The Gainesville City Commission voted 4-3 to approve a rate schedule for Gainesville Regional Utilities (GRU) that will raise the residential rate year over year until 2027.
Thursday’s special meeting contained the second reading for the millage rate, general government budget GRU budget and other financial items.
Commissioners Desmon Duncan-Walker, Cynthia Chestnut and Harvey Ward voted against the GRU rate increase schedule. Mayor Lauren Poe and Commissioners David Arreola, Reina Saco and Adrian Hayes-Santos voted in favor.
With the approval, residential rates for customers using 850 kilowatt hours (kWh) per month or less will increase to $0.08210 for 2023. Customers using more than 850 kWh will have a rate increase to $0.1088 in 2023.
The rates come as part of a six-year rate increase plan voted on last year.
Ward commented on the issue, addressing charges that he has changed his stance because of the upcoming elections. He admitted to voting to increase GRU rates last year but pointed out that the circumstances have changed. Last year, the fuel adjustment charges hadn’t increased by 300%.
As natural gas prices bounded upward this year, GRU bills followed suit. Customers began speaking out as Florida’s heat kicked AC units into high gear at the start of summer.
From October 2021 to August 2022, rate increases only accounted for a $6.90 increase at 1,000 kWh while the fuel adjustment charge increased by $50.
Ward called the rate change a “token amount” but said even that should wait.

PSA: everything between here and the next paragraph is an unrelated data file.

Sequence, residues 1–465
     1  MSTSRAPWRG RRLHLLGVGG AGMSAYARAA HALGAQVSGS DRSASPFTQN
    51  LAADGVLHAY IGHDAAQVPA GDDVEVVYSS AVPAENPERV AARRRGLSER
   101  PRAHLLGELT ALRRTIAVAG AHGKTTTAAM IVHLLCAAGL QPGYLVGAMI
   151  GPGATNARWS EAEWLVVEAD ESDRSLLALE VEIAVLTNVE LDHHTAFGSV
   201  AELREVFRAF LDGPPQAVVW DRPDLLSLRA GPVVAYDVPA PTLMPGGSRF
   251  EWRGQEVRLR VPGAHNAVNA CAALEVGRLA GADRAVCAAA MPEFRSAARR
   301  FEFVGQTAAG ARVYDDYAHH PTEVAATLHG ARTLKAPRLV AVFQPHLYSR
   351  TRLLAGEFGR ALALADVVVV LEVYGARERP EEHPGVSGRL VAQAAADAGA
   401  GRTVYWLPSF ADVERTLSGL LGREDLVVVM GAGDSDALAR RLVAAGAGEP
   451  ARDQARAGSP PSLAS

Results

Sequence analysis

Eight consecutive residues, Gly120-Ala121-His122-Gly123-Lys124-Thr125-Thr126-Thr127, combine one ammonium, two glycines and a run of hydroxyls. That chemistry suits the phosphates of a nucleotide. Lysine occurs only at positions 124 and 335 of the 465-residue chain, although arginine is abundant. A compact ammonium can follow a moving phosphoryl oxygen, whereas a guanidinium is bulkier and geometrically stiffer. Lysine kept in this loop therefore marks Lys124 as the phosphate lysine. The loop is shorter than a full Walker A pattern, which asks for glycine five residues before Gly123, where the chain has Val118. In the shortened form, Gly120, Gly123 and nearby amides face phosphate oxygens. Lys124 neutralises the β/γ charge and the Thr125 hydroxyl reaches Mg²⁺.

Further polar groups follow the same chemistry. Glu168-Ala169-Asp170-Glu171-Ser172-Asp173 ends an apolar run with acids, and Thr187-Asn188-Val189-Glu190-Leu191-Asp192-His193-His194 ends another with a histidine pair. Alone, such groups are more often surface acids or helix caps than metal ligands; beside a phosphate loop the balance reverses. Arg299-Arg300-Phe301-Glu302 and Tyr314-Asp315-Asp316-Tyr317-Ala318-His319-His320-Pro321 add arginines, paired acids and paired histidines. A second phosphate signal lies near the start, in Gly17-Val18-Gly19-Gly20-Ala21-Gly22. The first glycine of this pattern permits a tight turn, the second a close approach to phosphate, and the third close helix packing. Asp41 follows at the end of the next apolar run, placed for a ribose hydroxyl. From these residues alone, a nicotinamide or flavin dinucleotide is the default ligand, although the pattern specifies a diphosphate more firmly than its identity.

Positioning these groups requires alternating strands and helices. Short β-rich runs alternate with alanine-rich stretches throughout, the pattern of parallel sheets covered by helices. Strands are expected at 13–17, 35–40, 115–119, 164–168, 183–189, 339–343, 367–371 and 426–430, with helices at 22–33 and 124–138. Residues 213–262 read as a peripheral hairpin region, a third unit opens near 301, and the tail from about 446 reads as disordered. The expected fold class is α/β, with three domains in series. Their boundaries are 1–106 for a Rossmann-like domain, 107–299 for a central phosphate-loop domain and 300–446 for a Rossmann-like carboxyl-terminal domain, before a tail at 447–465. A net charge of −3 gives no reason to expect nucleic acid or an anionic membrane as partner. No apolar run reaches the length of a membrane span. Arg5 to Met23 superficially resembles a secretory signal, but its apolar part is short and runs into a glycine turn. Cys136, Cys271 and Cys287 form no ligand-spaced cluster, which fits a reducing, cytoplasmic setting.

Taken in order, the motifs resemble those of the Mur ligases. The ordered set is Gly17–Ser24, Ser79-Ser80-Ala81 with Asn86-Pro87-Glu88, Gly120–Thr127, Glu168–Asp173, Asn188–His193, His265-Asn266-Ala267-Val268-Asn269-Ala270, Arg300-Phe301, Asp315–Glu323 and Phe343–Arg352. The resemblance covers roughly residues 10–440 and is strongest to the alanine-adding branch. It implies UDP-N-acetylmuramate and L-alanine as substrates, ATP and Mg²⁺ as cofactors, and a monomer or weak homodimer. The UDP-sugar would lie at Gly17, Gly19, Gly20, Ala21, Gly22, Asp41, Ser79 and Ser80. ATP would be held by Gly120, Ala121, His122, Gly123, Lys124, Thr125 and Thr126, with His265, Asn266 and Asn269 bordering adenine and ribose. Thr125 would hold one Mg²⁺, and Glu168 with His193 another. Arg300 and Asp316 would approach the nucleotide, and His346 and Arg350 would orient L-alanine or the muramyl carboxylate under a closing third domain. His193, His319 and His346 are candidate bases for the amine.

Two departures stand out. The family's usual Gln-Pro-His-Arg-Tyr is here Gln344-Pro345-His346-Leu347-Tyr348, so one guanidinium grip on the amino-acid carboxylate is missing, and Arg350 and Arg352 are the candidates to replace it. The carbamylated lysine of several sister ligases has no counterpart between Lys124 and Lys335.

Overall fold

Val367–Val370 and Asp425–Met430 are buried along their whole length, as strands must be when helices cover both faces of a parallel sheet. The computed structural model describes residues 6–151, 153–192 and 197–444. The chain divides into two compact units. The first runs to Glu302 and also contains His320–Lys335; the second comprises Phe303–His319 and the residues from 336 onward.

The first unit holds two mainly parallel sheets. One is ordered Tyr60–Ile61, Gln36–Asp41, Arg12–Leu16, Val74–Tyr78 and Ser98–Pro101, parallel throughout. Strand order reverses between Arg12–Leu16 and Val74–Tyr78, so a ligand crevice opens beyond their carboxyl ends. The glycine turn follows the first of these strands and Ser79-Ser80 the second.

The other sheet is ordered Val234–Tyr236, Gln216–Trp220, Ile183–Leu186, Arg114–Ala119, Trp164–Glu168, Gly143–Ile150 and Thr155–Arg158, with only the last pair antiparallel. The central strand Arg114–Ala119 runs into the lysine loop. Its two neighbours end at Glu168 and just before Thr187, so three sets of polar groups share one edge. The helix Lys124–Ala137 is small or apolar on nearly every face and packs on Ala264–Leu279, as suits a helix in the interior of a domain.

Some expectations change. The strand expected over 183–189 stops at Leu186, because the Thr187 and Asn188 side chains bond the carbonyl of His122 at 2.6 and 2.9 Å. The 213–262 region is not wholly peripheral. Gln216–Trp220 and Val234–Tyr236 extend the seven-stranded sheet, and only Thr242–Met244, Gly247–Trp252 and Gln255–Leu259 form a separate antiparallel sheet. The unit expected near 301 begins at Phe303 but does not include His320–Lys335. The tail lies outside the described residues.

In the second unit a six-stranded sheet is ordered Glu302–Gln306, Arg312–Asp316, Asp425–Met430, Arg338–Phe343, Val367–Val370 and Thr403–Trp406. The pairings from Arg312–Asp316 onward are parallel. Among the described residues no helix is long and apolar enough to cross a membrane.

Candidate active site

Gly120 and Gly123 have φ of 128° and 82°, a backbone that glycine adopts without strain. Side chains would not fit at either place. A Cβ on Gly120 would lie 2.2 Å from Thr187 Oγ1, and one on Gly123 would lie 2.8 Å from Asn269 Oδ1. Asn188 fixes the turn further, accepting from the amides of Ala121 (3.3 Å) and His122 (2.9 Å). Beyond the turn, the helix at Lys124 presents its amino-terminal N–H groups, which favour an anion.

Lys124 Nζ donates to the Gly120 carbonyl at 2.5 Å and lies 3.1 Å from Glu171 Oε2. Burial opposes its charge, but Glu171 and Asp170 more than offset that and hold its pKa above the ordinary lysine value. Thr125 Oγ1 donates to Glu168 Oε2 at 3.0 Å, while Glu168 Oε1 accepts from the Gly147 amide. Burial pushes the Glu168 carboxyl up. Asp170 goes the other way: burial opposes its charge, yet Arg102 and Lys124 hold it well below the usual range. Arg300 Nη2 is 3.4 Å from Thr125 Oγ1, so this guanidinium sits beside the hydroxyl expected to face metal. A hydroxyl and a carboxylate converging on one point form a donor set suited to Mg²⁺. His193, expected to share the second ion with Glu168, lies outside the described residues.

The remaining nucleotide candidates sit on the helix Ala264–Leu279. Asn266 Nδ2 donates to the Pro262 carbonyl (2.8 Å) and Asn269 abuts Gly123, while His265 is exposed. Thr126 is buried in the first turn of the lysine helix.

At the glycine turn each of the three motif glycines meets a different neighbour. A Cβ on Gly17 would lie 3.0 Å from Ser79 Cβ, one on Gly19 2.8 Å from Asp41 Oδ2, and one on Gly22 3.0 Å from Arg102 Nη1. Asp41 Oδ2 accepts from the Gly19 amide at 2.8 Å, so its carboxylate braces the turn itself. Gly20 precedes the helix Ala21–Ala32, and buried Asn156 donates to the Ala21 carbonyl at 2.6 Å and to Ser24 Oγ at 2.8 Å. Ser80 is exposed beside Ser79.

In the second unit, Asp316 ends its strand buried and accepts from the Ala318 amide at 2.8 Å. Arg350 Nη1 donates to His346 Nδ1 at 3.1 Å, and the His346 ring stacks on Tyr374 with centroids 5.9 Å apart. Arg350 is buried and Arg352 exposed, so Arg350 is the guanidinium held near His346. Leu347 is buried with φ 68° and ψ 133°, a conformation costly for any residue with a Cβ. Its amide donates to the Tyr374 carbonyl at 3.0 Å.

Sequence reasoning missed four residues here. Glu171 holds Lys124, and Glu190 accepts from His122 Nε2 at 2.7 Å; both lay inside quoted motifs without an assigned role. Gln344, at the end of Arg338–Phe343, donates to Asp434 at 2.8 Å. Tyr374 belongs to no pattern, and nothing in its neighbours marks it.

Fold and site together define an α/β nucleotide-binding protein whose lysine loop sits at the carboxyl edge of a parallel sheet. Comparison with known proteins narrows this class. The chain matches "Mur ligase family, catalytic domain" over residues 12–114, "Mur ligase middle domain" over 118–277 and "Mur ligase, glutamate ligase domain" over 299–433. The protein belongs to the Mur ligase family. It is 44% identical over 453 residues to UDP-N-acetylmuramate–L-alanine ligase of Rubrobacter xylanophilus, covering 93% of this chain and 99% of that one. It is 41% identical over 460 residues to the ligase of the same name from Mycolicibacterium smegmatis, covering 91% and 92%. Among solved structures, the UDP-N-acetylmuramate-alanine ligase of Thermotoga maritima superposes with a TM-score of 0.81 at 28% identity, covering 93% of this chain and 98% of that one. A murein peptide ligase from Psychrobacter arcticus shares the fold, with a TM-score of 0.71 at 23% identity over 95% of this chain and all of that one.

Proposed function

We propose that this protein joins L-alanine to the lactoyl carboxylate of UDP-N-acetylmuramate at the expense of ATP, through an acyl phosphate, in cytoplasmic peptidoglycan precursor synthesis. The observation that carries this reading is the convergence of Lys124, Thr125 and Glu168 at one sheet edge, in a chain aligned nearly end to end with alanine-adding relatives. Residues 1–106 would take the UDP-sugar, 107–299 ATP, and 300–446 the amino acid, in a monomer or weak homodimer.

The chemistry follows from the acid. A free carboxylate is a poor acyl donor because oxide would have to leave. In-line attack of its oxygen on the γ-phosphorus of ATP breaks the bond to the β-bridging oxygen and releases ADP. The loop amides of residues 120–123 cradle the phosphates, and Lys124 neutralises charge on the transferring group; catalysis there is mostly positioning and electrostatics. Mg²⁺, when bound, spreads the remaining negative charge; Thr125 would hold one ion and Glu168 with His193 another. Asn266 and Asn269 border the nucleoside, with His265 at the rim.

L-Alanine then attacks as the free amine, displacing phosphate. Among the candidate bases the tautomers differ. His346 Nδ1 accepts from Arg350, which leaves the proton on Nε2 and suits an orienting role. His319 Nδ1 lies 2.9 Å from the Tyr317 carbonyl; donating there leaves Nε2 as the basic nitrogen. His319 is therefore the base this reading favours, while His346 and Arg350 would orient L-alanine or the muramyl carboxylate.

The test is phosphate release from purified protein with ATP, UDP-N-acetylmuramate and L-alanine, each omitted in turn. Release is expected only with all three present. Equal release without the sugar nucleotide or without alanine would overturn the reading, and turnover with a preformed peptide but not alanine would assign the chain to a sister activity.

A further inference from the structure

“I don’t think we should raise rates this year because the fuel cost has gotten out of control,” Ward said at Thursday’s meeting. “I really don’t know how to say it any differently than that, and if somebody chooses to perceive it differently than that, I can’t help you.”
Ed Bielarski, running against Ward on Nov. 8, highlighted the change after the first reading on Sept. 8. He said Ward changes on issues and that his voting pattern has hurt GRU.
“The Mayor needs to be the chairman of the board of GRU, a $400 million plus utility,” Bielarski wrote in a Facebook post. “Harvey Ward’s actions tonight make him unqualified for that position (if he had ever been qualified before).”
For the millage rate, Duncan-Walker stood as the lone dissenting vote on Thursday evening.
While the rate itself will stay at 5.5 mills, that rate will net the city additional money over last year because of a rise in property value. The city estimates an increase of $4.5 million because of the 11.8% increase in the taxable valuation.
To keep revenues the same, the commission would need to adopt the rollback rate of 5.0351—9.2% less than the approved rate.
The commission also approved the budgets for general government and GRU. Those budgets are available online.
The city of Gainesville will add 22 new full-time positions and a budget of $154,356,686.